From an early age I had low self-esteem partly as a result of being criticized unrealistically by my mother. I was a perfectionist and struggled with anger, frustration and tension. Besides that I felt like my parents were smothering me with over protection. College graduation coincided with a break up with my boyfriend, dashing marriage plans and leaving me lost and dejected. Mom said, “I told you so.” That just made things hurt more.
I moved to a faraway state to try and escape my parents and the feelings of failure and guilt that I had, but things only got worse. I was painfully depressed, lonely, and practically anorexic when I moved back home a year later. Having me home again made my mom depressed, too. Too afraid and ashamed to ask for help, I was blessed to encounter people who encouraged and helped me along the way. It took years, but with determination my mood eventually improved.
I married in my late 20s thinking this would “solve all my problems” but the marriage ended up being a failure. Years later I understood that my controlling nature and lack of maturity had contributed to my part in the doomed relationship. In addition, the perfectionism I thought was such a great quality when I was younger turned out to have a negative effect on my attitude and relationships with others.
The divorce, combined with another graduation, a move, and new job brought on another severe episode of depression, insomnia, and anxiety. I had hit a wall, and I finally gave in and went for therapy. I was petrified at the prospect of sharing my intimate thoughts with a stranger but again was blessed to find an experienced person who was a tremendous help and guide.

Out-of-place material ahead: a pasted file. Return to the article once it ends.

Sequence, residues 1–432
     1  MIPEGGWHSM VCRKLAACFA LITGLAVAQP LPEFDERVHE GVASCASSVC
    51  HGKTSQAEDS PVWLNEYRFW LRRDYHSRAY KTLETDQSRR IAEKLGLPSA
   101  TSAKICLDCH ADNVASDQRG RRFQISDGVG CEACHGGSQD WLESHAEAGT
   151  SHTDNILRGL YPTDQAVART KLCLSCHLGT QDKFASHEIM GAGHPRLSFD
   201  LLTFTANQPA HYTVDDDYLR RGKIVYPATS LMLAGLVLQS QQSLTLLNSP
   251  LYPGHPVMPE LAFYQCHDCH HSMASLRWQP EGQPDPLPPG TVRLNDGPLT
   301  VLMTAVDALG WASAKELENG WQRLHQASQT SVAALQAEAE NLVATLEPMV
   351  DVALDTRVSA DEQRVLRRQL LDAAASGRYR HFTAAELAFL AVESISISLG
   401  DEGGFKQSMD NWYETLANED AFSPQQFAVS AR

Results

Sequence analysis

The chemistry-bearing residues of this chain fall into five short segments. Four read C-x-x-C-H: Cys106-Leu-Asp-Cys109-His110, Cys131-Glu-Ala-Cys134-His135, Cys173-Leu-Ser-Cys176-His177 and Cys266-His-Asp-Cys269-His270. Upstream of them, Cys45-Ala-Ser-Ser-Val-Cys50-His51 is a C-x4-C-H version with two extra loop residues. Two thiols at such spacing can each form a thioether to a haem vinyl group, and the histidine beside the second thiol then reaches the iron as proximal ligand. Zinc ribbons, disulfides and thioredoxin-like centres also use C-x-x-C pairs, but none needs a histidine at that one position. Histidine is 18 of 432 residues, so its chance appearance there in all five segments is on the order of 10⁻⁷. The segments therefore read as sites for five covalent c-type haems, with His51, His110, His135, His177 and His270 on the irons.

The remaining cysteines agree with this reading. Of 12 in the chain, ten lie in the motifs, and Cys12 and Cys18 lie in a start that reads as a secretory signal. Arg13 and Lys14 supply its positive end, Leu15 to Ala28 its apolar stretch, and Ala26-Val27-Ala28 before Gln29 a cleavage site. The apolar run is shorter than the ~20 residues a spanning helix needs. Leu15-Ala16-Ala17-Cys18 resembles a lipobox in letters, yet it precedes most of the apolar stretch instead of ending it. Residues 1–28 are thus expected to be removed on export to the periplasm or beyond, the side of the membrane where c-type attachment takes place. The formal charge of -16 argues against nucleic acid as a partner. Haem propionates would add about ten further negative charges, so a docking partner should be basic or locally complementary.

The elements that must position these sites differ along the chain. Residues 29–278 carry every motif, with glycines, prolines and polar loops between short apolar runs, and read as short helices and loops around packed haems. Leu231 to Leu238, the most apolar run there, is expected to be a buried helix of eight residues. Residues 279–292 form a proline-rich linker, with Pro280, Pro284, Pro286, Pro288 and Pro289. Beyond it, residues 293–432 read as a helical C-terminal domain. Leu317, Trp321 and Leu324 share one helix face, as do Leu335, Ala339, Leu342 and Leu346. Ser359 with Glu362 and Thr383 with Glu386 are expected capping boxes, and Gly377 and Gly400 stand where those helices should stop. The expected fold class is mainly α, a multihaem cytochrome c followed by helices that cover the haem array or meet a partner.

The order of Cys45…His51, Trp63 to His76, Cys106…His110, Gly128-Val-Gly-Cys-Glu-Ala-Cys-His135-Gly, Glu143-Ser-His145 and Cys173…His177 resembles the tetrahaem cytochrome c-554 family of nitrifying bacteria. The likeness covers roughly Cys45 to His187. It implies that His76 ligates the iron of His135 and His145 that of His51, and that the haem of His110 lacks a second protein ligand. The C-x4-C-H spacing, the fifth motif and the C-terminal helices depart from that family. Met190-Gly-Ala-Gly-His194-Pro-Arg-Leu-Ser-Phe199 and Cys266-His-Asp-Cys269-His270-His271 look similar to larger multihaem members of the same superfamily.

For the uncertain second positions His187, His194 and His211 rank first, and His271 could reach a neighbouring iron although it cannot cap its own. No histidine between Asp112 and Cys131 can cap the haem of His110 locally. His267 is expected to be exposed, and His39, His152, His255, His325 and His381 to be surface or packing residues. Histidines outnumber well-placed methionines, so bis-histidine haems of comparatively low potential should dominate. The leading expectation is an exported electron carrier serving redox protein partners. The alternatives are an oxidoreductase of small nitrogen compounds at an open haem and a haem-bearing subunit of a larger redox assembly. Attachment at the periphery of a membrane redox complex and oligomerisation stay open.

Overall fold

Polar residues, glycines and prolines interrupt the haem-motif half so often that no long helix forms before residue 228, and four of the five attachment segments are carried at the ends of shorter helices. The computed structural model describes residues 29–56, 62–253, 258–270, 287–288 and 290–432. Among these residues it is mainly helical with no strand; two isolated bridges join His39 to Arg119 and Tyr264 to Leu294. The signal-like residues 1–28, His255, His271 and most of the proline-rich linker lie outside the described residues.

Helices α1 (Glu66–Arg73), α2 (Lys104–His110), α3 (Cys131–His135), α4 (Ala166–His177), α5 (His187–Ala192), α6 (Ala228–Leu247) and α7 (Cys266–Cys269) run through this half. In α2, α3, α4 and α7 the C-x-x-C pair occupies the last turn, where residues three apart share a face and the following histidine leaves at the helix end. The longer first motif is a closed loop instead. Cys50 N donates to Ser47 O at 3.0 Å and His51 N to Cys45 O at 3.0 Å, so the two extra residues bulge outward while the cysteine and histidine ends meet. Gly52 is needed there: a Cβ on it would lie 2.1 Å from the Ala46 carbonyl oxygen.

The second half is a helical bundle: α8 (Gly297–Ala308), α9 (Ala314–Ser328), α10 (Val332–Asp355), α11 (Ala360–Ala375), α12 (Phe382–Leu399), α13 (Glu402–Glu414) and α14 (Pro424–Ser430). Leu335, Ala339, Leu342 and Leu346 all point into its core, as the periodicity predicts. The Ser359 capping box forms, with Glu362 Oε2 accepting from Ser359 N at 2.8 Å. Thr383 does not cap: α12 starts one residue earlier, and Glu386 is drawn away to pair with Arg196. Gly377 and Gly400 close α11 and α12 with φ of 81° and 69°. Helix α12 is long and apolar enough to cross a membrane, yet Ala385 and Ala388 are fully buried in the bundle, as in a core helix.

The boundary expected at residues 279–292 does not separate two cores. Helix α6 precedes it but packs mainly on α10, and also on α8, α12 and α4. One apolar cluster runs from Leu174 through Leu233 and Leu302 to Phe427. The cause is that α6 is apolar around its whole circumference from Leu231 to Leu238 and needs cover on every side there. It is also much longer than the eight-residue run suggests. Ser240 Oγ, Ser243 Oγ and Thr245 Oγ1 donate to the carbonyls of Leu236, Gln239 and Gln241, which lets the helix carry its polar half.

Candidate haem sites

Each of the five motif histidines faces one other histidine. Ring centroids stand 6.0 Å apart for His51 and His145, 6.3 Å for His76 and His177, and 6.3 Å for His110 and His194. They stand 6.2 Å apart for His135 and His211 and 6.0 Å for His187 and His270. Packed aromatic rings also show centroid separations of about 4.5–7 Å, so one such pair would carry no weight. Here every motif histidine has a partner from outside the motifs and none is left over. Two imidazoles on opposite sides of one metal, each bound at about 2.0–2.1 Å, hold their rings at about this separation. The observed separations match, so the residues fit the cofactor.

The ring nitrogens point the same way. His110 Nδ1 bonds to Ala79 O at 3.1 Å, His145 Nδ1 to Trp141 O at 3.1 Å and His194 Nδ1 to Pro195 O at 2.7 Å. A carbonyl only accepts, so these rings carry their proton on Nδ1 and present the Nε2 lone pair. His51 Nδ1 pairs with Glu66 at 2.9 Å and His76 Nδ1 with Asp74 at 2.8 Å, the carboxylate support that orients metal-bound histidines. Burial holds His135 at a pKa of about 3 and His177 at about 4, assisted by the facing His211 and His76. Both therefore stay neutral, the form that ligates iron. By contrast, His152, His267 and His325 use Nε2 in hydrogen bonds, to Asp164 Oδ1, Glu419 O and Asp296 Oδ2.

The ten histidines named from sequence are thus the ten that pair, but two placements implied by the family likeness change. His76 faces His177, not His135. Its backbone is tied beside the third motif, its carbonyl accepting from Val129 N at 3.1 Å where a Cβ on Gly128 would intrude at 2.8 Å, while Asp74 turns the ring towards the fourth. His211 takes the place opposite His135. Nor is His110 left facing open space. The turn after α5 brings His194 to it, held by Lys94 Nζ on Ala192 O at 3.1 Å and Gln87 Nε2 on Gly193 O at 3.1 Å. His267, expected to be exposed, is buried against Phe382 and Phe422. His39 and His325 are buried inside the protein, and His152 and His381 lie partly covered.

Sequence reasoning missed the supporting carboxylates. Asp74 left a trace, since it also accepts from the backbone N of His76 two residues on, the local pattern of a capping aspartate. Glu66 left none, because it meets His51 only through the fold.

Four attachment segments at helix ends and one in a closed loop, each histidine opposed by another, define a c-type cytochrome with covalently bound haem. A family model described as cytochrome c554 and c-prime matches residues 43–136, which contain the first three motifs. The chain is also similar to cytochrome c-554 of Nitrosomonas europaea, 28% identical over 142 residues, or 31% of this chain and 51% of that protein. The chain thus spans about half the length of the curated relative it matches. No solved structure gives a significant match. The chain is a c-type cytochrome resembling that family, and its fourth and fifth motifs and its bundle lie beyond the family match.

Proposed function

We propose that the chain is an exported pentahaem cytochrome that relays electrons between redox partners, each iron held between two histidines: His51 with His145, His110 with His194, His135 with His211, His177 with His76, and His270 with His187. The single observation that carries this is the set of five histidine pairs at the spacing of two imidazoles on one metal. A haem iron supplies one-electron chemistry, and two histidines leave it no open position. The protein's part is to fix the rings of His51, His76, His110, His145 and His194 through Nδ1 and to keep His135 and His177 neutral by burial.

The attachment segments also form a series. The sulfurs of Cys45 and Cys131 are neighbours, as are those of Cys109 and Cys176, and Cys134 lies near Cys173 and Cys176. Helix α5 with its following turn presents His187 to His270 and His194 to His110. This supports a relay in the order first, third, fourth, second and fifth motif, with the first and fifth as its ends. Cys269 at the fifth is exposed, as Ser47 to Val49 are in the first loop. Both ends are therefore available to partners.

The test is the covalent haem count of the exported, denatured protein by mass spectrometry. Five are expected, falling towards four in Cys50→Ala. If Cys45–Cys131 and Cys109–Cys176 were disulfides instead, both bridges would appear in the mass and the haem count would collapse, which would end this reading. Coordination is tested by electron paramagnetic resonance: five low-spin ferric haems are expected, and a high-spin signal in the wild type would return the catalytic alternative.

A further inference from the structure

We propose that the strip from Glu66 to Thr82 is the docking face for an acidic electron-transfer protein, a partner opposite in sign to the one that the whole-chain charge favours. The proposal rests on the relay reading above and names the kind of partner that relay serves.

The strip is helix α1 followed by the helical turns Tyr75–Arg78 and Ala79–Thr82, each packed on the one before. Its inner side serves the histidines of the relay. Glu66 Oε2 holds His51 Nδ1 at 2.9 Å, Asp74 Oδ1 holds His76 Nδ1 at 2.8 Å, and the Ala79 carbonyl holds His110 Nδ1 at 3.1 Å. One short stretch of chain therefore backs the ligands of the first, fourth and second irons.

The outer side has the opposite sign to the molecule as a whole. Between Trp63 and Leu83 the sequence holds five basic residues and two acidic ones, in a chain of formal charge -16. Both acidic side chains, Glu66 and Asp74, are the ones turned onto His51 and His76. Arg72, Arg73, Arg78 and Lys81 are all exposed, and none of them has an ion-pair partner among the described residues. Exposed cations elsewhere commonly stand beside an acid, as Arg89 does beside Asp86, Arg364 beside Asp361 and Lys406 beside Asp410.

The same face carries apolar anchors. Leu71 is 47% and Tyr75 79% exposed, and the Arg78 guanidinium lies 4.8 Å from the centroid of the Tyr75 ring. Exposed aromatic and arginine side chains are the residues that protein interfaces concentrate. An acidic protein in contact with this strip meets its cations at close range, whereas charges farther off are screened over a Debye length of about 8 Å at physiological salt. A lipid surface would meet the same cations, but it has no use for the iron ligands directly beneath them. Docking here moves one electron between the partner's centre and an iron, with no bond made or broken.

Being too stubborn to try medication at first, I got physically ill with allergies and other ailments as a result of the tremendous stress on my body of not sleeping, poor eating habits, and nerves. Throughout this time I worked full-time and was active in my church but despite these positive strides I became negative, complaining, and very lonely.
My dad heard about Recovery International, a member led, self-help method developed by Dr. Abraham Low. He loaned me a book from a friend: Mental Health through Will Training. However, it wasn’t until 10 years later when I was getting ready to be married for the second time that I finally joined Recovery because I didn’t want to mess up another marriage. Even with all the progress I had made through the success of various treatments I still experienced tension, mood swings, a bad temper, and frustrations that made life difficult. It seemed like the only way I could progress further was to help myself more.
I offer my story to encourage others to keep trying and not give up. Dr. Low told us, “There is no such thing as a hopeless case.” The self-help method of Recovery International (RI) is a simple cognitive technique that I found helpful from the start by learning even a few tools to help with the daily symptoms and distress I felt. It took a lot of hard work and practice to become more accomplished at the RI techniques but today I feel that I have overcome my nervous condition even though I still have symptoms on a regular basis. The symptoms are manageable through practicing the RI method and continuing other strategies such as regular exercise to cope with tension and moods. I’ve learned that in the future I might experience a setback due to another life transition, but because I am expecting it I know it will be mild. Most of all I have learned to accept who I am and not to judge myself so harshly.
I’ve had a lot of help in my life. I credit Recovery International and my husband, who helps to keep me laughing, as well as my faith for giving me the current stability, relaxation, and wellness that I feel. In addition, I am grateful to all those, who with patience, tolerated and encouraged me throughout my life.
by Kathy Hall
The Phoenix Spirit encourages readers to submit their experience of encouragement and hope for publication. Send articles 1,000 words or less to phoenix@thephoenixspirit. com.
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